Monday, September 8, 2008

Obligatory joke about Explaining It All For You

In the newest issue of Commonweal: my review-slash-critical essay on Christopher Durang's The Marriage of Bette and Boo and the current -- er, make that "recent," since it closed yesterday -- Roundabout Off-Broadway revival. Looks like it's too late for a box-office bump, which is just as well, since the web version of the article is available to subscribers only.

Much of what I wrote focuses on Durang's artistic relationship with the Catholic Church. Look for a hard copy to find out more! Here's a taste of what I said about the Roundabout's production:
Not all the cast members seem comfortable in the play’s world. Bette’s sister Emily, played by Heather Burns, is too one-dimensional, constantly hysterical to the point of tedium. The other sister, Joan, is a grouch, but Zoe Lister-Jones makes her incongruously sarcastic where she ought to be simply bitter. And Matt’s earnest speeches tend to drag, while a few come off as wan stand-up routines. But Victoria Clark is a marvel as Margaret, straining to keep smiling through one tragedy after another, and she is nearly matched by Julie Hagerty’s giggling, heartbreaking Soot. With a subtle shift of the eyes, Christopher Evan Welch carries Boo from earnest young bridegroom to middle-aged, addlebrained drunk, surveying his failures with a haunted stare. And Kate Jennings Grant steps nimbly through Bette’s distracted monologues, gradually adding depth until her nonsensical prattling seems pitiful and real.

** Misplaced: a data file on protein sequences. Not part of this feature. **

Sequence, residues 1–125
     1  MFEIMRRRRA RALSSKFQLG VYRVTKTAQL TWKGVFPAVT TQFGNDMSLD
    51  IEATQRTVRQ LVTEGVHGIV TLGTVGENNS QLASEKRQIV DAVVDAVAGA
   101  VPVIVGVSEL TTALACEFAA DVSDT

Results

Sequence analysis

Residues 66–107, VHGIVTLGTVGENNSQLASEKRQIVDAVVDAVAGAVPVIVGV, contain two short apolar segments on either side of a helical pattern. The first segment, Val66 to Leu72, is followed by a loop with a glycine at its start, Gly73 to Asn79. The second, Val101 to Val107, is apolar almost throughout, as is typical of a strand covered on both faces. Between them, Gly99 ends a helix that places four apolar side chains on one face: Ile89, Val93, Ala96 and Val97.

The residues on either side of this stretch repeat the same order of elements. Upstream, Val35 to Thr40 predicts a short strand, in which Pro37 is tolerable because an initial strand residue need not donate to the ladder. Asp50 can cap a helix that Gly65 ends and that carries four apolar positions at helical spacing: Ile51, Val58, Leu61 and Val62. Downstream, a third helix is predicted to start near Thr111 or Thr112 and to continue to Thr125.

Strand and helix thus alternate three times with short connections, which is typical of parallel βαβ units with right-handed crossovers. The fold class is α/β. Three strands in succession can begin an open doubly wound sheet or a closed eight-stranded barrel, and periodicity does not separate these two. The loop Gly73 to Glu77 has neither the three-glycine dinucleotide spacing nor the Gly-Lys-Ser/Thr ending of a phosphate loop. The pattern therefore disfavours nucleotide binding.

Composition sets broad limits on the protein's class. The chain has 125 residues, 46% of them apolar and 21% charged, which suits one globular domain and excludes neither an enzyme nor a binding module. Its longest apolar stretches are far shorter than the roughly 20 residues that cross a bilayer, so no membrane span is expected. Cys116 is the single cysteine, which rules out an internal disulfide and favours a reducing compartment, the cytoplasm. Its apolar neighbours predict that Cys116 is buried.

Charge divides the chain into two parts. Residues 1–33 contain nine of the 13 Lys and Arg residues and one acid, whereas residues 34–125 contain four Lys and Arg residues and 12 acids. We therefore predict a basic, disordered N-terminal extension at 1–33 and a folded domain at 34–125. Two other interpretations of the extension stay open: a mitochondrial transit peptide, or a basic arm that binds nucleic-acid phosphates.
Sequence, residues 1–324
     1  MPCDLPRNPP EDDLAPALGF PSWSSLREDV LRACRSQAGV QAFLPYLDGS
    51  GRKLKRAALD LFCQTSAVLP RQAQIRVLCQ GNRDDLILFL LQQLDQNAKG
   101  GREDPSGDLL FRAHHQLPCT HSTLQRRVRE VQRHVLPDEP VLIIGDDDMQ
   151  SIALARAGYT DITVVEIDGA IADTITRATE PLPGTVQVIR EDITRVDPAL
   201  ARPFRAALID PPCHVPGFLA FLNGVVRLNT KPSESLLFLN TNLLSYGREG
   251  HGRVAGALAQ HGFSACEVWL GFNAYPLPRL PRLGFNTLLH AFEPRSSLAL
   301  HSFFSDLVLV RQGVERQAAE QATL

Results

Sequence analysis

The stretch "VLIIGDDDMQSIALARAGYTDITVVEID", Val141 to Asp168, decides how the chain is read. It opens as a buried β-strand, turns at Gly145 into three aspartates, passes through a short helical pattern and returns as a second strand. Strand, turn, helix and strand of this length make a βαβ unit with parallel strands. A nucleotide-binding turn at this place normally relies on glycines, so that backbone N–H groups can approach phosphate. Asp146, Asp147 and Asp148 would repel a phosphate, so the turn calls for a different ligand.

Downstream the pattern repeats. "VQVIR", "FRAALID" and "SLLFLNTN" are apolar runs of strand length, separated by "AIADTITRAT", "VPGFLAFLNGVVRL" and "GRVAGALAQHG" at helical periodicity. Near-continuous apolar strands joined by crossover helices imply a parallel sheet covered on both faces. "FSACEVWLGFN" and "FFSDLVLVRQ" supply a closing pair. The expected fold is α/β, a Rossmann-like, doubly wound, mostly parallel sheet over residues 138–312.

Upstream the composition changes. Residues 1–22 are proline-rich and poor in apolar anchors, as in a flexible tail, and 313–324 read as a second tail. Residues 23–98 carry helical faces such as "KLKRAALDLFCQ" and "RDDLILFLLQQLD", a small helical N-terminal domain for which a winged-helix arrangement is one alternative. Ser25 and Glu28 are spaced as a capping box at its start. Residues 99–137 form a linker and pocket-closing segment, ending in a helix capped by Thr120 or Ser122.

I also said Terry Beaver was "splendid" as Father Donnally. That reminds me... I already told you about the dreadful behavior of the first audience I saw the play with. I saw it again, weeks later, with a much more attentive audience -- including an elderly priest! In his clerics! I wonder, would I have seen that in 1985?

P.S. I didn't know my Commonweal piece would be called "Bleak House" till I saw it in print. But it's a good title, not least because it echoes one of my favorite Durang jokes, from the Woman's monologue in Laughing Wild:
"My favorite book is Bleak House. Not the book, but the title. I haven't read the book. I've read the title. The title sounds the way I feel."

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